“All my films, for all their differences, end up being my personality split between two people.”

In your film, queer characters encounter deeply dark issues, but there’s a distinct sense of high-energy playfulness that also lingers. What was your intention around this fluctuating tone?

Again, that’s a pattern. I like stories about people who are trapped in a situation they can’t escape. In looking at a dark story, it will have lightness in it. In the same way I don’t like a color scheme that just programs one particular color or shade, I don’t like a story that just programs one feeling. I want all the colors and all the feelings in my stories.

In [Housekeeping for Beginners] a lot of the heavy aspects of the story clear quickly. I get questions about the death of one of the main characters, which happens early in the film, saying: “You skip across a lot of the most difficult scenes.” With characters of a minority, whether that be ethnic or sexual orientation, we’ve seen them suffer – even the Oscars don’t give them prizes anymore because it’s just familiar!

Queerness being isolated from the rest of society [means] when two people connect, the electricity between them is so specific to being a queer person. The upside of being oppressed is this emotional bonus that no one else gets access to. In this case, being able to build your own family as a queer person with it being a choice rather than something that’s imposed.

You managed to capture the emotional weight of that in an unspoken manner, which showcases how powerful your directorial style is.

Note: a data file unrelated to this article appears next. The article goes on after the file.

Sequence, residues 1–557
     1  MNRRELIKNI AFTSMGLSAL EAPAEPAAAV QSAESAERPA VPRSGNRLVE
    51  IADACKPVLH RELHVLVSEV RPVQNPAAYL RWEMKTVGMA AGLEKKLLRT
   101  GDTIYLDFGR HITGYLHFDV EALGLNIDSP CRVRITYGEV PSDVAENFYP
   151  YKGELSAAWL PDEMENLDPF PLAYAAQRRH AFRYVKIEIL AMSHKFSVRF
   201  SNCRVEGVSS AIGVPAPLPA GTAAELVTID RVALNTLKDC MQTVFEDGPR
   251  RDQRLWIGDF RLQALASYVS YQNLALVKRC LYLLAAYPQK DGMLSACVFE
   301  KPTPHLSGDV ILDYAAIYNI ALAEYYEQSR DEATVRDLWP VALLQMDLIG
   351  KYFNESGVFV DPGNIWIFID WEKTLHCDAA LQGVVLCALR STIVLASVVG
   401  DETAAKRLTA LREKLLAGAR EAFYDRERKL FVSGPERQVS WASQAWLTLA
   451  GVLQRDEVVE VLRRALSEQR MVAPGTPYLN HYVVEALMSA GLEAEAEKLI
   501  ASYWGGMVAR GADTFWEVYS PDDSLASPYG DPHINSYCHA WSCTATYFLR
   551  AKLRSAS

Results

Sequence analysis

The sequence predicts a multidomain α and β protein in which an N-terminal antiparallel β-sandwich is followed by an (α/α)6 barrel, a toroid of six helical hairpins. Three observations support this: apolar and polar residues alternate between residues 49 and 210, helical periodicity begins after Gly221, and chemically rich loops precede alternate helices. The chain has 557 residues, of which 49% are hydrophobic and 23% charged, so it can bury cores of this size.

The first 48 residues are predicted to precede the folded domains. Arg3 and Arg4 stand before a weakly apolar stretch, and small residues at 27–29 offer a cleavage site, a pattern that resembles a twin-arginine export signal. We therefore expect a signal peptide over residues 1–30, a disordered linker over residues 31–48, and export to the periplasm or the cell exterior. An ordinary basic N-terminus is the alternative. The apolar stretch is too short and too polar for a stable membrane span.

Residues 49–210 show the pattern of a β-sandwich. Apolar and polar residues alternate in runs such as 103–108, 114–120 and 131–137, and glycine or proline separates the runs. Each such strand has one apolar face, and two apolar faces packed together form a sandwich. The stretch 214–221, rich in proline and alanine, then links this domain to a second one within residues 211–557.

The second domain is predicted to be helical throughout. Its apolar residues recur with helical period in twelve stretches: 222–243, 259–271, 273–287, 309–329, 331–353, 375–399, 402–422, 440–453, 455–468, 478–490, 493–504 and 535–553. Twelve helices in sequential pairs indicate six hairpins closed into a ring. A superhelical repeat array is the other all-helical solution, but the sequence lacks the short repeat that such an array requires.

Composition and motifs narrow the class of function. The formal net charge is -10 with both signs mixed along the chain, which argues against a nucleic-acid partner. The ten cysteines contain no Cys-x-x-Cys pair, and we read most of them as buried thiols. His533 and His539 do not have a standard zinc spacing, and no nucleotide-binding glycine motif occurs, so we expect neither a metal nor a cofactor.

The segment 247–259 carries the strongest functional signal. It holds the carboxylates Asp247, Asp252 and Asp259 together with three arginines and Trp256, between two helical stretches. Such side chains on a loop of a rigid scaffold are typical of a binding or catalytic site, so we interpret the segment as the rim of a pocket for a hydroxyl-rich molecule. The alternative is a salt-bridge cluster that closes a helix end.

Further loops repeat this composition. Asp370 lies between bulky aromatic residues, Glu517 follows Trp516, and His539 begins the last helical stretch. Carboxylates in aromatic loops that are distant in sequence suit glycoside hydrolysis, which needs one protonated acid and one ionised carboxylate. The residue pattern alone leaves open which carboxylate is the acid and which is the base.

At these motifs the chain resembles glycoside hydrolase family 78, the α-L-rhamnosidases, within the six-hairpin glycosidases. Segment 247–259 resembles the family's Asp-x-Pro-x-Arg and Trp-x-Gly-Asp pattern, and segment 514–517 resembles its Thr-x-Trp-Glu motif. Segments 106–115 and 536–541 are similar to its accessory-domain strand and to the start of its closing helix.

I thank you for that because it’s always a battle with each of my screenplays. There’s a lot that you can’t [communicate] in a screenplay because it’s someone looking at someone else with particular weight in their eyes.

I always have to constantly be arguing notes that say: “Where’s this aspect of the relationship?” I always say that will come through. Dialogue needs to be interesting for itself but it can’t be the full story of a scene. You have to have two or three stories going on at the same time because if the dialogue is just narrating the story, then why do we need to watch it?

The unspoken dialogue, that happens just in the eyes, is much more important. It’s the core of the film and thank you for connecting with it because what’s disturbing now is how often people will just see what’s being said and just leave it at that and not look for the other story.

I read that your film’s stars, Anamaria Marinca and Alina Serban, learned their lines phonetically. How was that process as a writer-director?

The women who play Dita and Suada are both Romanian and are speaking Macedonian as well as Roma in Albanian, respectively. These are all foreign languages to them. Anna Maria who plays Dita is my friend of many years. When she came on board we went through the screenplay, syllable by syllable. The way you examine and interrogate a screenplay on set, we had to do it in advance because a lot of it had to be set in stone in a way I don’t normally like to do.

As things were happening on set, I could throw a line in Macedonian at them. I give little pieces of direction within a take and we keep things quite fluid in a documentary style so they can kind of be absorbed in real time. It was a beautiful experience, not just emotionally for us as a memory but also creatively added to what the viewer experiences.

Housekeeping for Beginners is in theatres from April 5th.